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#45378 - 12/21/10 02:47 PM Re: Faith - Dirty word or misconception? [Re: Jason King]
Dan_Dread Offline
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Hi Jason.

 Quote:

When you say "evidence," you actually mean "reason"

Well, no, I really don't though. Reason can be based on anything the reasoner finds convincing, and doesn't need to be grounded in anything empirical or even logical. Evidence is what one bases ones reasoning around, and although evidence is a matter of interpretation (billions find the bible to be evidence enough..), not all evidence, nor interpretations, are on equal grounds epistemologically speaking. When I speak of evidence I am talking about actual, measurable testable evidence, or at least sound logic, as opposed to that which some moron off the street might find convincing.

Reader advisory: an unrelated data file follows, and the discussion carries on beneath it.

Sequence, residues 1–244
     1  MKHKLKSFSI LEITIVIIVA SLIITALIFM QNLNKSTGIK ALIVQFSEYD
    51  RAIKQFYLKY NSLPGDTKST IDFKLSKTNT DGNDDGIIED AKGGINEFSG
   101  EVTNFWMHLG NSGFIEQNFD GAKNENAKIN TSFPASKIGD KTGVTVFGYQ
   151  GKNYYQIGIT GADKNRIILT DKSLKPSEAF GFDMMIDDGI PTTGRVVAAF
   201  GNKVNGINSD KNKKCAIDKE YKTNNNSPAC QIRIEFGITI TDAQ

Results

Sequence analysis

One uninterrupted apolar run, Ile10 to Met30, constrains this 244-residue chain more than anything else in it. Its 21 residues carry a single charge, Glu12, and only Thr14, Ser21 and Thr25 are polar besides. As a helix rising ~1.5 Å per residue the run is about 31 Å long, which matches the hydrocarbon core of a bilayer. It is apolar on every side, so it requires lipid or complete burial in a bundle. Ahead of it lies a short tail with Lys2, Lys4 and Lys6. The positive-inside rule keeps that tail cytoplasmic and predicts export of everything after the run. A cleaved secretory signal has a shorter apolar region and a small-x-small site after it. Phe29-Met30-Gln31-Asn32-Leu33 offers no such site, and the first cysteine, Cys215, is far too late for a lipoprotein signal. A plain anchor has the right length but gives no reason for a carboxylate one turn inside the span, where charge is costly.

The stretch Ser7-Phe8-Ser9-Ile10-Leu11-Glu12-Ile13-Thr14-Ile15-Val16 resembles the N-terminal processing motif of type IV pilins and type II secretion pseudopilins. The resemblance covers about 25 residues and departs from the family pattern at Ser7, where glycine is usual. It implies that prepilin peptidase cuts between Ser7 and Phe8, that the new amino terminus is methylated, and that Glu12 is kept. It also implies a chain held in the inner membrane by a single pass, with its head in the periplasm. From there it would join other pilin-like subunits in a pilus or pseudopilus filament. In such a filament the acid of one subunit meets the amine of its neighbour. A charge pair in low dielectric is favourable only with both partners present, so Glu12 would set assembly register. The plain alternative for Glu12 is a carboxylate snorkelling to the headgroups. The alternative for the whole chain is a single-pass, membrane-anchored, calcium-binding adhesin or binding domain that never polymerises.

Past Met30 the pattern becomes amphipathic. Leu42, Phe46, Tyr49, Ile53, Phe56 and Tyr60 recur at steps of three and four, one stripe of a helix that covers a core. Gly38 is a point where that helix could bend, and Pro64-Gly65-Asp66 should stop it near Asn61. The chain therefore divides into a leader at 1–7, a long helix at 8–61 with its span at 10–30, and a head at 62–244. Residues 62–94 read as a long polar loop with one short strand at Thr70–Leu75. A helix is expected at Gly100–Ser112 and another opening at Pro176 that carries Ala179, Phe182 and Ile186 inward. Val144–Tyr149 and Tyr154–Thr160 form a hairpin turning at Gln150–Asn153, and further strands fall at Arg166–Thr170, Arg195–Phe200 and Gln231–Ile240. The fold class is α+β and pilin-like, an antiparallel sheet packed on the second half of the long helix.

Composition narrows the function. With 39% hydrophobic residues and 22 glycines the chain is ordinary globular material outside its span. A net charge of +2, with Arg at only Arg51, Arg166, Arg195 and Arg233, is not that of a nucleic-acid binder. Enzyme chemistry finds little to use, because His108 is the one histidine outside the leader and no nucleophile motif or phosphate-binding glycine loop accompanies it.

At any rate, the corpse of Ludwig Wittgenstein has probably done several revolutions in his grave over the course of this thread. Using one word to umbrella this much concept is folly, and that is my whole point here.

There is a marked distinction between rational belief and irrational belief, and lumping them together under this particular banner as of the same stuff is a favoured tactic of those that would have us accept the latter as the former. THAT is why I find this distinction critical.
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#45382 - 12/21/10 03:57 PM Re: Faith - Dirty word or misconception? [Re: OrgasmicKarmatic]
6Satan6Archist6 Offline
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When I buy a can of soup I can reasonably expect to find soup in the can because every other time I have bought a can of soup the contents were, in fact, soup. Expecting to get soup when you buy soup is not an act of faith.